‘In each of the 13 applications before the court, the applicants applied for an extension of time in which to apply for leave to appeal against sentences of imprisonment or detention for public protection (“IPP”)), imposed between 2005 and 2008 under the Criminal Justice Act 2003. Before the sentence of IPP was amended by the Criminal Justice and Immigration Act 2008, the court was required to make the assumption that an offender was dangerous if he had been convicted on an earlier occasion of a specified offence, unless it was unreasonable to do so. Where he was found to be dangerous, and over 18, the court was required to pass a sentence of IPP or life imprisonment; the 2003 Act removed all discretion from the court once it was found that the offender was dangerous. All the applicants had either been detained in custody long after the expiry of the minimum term or had been recalled for breach of licence. The applicants submitted (1) that whatever might have been the position at the time the sentences of IPP were passed, the Court of Appeal had power under section 11 of the Criminal Appeal Act 1968 to pass sentences that, in the light of what had happened over the intervening years, now would be the proper sentence; (2) the Court of Appeal should reconsider the assessments made by sentencing judges in the light of R v Lang [2005] EWCA Crim 2864; [2006] 1 WLR 2509, and (3) a time could and had been reached when the length of the imprisonment was so excessive and disproportionate compared to the index criminal offence that it could amount to inhuman treatment under article 3 or arbitrary detention under article 5 of the European Convention for the Protection of Human Rights and Fundamental Freedoms. That was because the detention no longer had any meaningful link to the index offence. A much delayed review of a sentencing decision could therefore be a mechanism the court could employ to avoid a breach of those Convention Rights. As the period now served by each of the applicants was so much longer than any conceivable determinate sentence would have required, the continued detention amounted to preventative detention and was therefore arbitrary. ‘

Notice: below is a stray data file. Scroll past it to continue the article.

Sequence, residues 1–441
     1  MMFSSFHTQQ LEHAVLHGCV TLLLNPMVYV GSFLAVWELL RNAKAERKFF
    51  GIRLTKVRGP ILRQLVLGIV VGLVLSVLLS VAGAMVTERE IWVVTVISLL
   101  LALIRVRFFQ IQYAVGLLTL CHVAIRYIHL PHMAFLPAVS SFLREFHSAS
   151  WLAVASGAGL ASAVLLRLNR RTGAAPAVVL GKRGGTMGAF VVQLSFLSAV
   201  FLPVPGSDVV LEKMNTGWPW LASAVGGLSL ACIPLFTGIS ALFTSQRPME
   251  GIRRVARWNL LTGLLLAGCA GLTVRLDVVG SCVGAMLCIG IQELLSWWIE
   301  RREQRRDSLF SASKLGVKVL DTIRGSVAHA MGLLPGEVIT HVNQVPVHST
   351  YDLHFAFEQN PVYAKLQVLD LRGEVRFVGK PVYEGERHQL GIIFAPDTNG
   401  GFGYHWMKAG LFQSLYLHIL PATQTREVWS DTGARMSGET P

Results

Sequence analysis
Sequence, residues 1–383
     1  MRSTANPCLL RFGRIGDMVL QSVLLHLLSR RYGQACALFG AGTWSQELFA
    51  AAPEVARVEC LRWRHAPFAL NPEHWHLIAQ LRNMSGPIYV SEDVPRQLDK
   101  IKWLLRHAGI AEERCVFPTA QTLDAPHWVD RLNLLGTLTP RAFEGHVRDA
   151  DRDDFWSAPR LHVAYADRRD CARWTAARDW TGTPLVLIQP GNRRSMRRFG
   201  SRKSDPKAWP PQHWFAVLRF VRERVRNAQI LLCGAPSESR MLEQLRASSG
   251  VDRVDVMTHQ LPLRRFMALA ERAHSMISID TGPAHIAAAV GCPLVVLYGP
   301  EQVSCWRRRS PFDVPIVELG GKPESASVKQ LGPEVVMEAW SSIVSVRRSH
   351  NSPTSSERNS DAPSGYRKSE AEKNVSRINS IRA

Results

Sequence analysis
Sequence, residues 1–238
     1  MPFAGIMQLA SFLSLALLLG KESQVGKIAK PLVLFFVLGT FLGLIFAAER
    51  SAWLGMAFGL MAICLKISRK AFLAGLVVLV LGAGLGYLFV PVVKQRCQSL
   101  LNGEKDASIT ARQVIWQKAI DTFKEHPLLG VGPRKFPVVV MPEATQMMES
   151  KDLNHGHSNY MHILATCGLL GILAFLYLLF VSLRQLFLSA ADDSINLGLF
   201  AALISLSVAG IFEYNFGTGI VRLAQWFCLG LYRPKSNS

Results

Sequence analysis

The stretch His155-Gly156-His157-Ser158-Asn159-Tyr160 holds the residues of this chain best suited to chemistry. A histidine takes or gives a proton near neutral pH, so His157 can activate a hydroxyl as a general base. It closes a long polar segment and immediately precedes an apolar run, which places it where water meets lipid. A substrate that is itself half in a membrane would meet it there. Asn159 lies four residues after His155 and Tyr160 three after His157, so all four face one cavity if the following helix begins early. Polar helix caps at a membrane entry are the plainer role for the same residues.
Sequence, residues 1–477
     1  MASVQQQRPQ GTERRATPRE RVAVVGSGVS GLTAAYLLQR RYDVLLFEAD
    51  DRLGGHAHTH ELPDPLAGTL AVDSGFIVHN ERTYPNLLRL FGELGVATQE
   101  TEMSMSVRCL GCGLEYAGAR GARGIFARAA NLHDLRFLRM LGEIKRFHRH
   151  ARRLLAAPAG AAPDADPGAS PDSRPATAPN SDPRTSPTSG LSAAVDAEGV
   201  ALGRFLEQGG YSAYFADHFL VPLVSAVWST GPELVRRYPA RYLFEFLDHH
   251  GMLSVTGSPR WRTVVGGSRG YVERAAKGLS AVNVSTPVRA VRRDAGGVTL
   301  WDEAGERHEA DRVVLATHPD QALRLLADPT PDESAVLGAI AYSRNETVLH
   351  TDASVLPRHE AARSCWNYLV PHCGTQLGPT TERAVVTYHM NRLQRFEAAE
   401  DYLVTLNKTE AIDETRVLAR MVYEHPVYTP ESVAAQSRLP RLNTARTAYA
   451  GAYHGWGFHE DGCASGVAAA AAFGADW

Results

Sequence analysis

WLR Daily, 18th March 2016

Source: www.iclr.co.uk

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Court confirms that limitation of liability clauses in acquisition documentation will be interpreted strictly – OUT-LAW.com

Posted March 29th, 2016 in accountants, limitations, news, shareholders, time limits, warranties by sally

‘A 20-day time limit within which claims for breaches of warranty as part of a share purchase agreement (SPA) had to be raised only began running once the buyer was aware of the “proper basis for a claim”, the Court of Appeal has ruled.’

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OUT-LAW.com, 29th March 2016

Source: www.out-law.com

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Senior judge voices concern over police investigation control – Law Society’s Gazette

Posted March 9th, 2016 in criminal justice, judiciary, news, police, time limits by tracey

‘Judges must “tread carefully” if they are granted powers to control the length of police investigations, the senior presiding judge for England and Wales has said in response to human rights organisation Justice’s report on complex and lengthy criminal trials.’

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Law Society’s Gazette, 7th March 2016

Source: www.lawgazette.co.uk

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Finance and Divorce Update (March 2016) – Family Law Week

‘Edward Heaton, Principal Associate and Jane Booth, Associate, both of Mills & Reeve LLP analyse the news and case law relating to financial remedies and divorce during February 2016.’

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Family Law Week, 5th March 2016

Source: www.familylawweek.co.uk

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Court of Appeal throws out solar farm challenge brought 14 months after planning permission was granted – OUT-LAW.com

‘A High Court judge should not have overturned planning permission granted to a solar farm in Wiltshire in response to a legal challenge brought 11 months after the three-month limitation period then in force had expired, the Court of Appeal has ruled.’

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OUT-LAW.com, 1st March 2016

Source: www.out-law.com